To shoot a client and get paid, there is information you need to collect. It includes:

  • Intake: Who needs your services and for what.
  • Scheduling: When and where you’re shooting.
  • Agreements. The terms of the transaction.
  • Payment. How you’ll charge for your services.
  • Releases. Ensuring that you or your client has rights to use the photos.
  • Feedback. How did it go, and will this person recommend you to others?

To be clear, I’m excluding information related to the proofing process and other things I’m unqualified to talk about. Moreover, I will use examples from photographers who use JotForm because their public forms are a goldmine of insights. Forms have been a part of business ever since transactions were recorded on stone and papyri, so they’re a logical place to start.

Let’s talk through how to get your clients in and out with minimal administration.

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Intake and Scheduling

Tell me if this sounds familiar: a “contact” box on someone’s website that doesn’t specify what to enter. If your photography website says something like, “Please include your name, location, and information about your event,” you’ll get something back like, “Hey, this is Mary. How much do you charge for weddings?”

Not useful. Instead, get the data you need with an intake form that gets people to answer questions they otherwise wouldn’t think to answer. It could be something like:

Thanks for your inquiry! To receive a quote for photography services, please provide the following information:

  • Your name:
  • A brief description of your event:
  • Date(s) of your event:
  • Event hours:
  • Address of the event:
  • Number of photographers requested:
  • Special requests or details:

Essentially, this turns a bunch of emails or text messages into the organized set of information you need. While this form would work for semi-customized events like weddings and corporate gatherings, it’s overblown if you provide one service, like portraits. For that, you likely have a standard price and therefore don’t need to generate a quote. Instead, provide an appointment widget that allows people to self-schedule time slots. It might work like this:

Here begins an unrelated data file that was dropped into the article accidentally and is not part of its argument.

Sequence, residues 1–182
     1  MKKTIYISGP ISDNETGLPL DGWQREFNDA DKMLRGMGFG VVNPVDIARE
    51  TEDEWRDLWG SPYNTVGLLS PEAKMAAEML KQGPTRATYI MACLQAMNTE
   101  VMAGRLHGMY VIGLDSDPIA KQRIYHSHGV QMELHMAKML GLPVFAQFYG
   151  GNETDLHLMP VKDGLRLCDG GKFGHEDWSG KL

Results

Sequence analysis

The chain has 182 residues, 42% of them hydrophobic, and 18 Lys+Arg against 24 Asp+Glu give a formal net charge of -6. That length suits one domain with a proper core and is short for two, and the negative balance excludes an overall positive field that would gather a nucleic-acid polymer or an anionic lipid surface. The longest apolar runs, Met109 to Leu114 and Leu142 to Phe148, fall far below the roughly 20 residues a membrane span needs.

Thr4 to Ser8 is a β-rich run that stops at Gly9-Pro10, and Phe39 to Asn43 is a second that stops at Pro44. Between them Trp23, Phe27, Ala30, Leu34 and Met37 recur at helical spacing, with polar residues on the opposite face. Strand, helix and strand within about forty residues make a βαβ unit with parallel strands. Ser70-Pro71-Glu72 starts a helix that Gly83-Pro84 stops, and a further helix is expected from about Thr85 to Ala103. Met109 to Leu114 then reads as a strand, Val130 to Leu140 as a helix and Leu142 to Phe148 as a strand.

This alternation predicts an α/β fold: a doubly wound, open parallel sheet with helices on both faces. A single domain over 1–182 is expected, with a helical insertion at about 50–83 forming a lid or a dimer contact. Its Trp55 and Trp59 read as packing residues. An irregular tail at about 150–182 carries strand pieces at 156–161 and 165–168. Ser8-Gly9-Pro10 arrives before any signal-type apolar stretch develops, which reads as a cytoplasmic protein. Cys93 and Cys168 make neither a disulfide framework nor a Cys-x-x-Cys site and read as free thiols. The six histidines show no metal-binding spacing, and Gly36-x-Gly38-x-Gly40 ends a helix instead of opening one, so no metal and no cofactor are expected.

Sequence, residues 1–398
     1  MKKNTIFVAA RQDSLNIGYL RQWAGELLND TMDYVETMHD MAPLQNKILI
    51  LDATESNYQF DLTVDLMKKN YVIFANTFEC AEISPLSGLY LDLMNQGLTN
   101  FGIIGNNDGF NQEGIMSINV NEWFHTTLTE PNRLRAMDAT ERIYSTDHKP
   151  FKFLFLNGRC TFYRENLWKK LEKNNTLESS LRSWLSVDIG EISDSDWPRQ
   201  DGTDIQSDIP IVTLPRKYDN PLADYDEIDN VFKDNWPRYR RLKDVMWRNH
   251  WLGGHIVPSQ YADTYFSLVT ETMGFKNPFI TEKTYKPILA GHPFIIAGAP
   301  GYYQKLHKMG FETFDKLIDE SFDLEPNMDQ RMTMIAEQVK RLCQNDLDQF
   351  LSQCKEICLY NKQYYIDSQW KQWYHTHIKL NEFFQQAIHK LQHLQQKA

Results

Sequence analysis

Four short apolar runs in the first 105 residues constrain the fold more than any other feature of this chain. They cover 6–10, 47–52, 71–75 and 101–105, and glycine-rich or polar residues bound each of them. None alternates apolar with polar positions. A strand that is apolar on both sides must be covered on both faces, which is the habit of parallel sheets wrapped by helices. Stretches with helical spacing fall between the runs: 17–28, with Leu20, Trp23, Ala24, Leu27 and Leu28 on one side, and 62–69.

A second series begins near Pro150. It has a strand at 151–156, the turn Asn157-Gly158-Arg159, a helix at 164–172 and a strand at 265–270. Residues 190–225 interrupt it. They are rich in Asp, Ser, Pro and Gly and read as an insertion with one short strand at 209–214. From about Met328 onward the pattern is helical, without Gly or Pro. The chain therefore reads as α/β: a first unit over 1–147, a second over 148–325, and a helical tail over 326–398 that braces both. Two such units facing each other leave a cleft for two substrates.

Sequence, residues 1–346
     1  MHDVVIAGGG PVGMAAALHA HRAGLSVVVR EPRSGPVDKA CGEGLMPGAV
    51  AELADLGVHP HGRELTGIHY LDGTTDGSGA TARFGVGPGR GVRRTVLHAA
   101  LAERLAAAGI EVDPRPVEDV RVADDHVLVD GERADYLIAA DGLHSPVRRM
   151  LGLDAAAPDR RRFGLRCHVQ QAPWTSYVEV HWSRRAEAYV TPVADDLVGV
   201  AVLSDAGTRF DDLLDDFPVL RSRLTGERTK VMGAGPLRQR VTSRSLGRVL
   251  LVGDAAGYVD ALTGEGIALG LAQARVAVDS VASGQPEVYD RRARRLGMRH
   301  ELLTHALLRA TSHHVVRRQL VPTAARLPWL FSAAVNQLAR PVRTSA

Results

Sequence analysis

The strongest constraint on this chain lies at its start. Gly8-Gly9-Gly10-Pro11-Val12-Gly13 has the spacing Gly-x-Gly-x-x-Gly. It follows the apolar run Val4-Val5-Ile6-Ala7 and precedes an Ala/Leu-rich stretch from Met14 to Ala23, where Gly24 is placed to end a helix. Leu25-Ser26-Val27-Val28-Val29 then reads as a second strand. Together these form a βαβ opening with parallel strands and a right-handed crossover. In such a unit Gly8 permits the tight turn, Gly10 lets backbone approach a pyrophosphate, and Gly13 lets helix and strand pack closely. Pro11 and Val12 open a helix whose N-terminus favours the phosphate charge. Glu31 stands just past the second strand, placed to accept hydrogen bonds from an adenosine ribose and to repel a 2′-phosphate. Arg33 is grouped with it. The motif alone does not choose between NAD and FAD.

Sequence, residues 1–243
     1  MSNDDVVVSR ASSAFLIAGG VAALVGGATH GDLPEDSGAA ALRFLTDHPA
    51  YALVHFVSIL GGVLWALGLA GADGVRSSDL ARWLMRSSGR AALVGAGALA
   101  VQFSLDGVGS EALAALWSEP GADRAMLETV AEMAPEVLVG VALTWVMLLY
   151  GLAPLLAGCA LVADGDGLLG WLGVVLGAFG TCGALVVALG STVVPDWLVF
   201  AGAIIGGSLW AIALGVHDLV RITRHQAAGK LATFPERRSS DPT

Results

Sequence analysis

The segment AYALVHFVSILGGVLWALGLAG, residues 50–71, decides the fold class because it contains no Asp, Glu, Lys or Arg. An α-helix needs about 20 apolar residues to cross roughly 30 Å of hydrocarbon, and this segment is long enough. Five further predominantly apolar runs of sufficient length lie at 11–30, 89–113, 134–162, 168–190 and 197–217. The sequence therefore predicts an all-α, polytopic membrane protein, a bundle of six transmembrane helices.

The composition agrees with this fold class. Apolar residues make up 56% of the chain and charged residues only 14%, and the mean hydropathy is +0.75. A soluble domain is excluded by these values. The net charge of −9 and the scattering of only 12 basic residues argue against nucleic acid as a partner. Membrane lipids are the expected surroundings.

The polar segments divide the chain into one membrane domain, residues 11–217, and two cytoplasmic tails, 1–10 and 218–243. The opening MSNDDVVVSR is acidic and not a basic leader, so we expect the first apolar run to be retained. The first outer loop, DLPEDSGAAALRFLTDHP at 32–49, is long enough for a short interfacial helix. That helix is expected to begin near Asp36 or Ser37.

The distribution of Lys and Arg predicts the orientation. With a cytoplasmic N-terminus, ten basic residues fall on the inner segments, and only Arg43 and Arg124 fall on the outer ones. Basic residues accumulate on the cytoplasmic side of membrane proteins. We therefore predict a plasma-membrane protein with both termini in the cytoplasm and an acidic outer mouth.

• Your name:
  • Type of portrait (professional headshot, family portrait, school portrait, etc.)
  • Number of people:
  • Choose a date and time slot below (please estimate X hours per Y people).

The beauty is that if two or three people are booking, a self-scheduler will update in real time and prevent overlapping appointments. You can configure most schedulers to send you an email with an invitation, which you can then add to your Gmail or Outlook calendar.

Session Agreements

The session agreement is another source of key information. The agreement locks in business and protects you from getting fleeced. It also confirms the expectations of the photo shoot and the details of when, where, and under what pricing conditions.

I don’t want to get mired in legalese, which isn’t my specialty (use proven forms or hire a lawyer). The forms I see have a few overlaps:

  • They state the price alongside what it includes.
  • For example: “Senior Portrait Session ($229): Unlimited Time (usually ~1- 2 Hour Coverage), unlimited locations and wardrobe changes, free expert touch ups and image enhancements, Image Premier and Design Consultation.”
  • They state the date and time.
  • They make the client’s name, address, and phone number required information so that there’s no chance of overlooking it.
  • They have a big “Terms and Agreements” section that covers additional costs, cancellations and no-shows, reshoots, prints, and much more. If you charge for stuff without saying that you will charge for it in the agreement, I promise some clients will get peeved (or not pay).
  • They take a digital signature at the end so that neither the client nor you print out documents.

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© Rawpixelimages – Dreamstime.com

Payments

We can all agree that cash is ideal, checks are fine, and digital payments are a necessary evil. Those credit card processing fees are no joke.

I recommend taking digital payments with at least one mainstream service like Square, PayPal, or Stripe. You can choose to make your own branded payment form that integrates with these services (and might capture info that they don’t). Then, you can embed it on your website or share it as a link.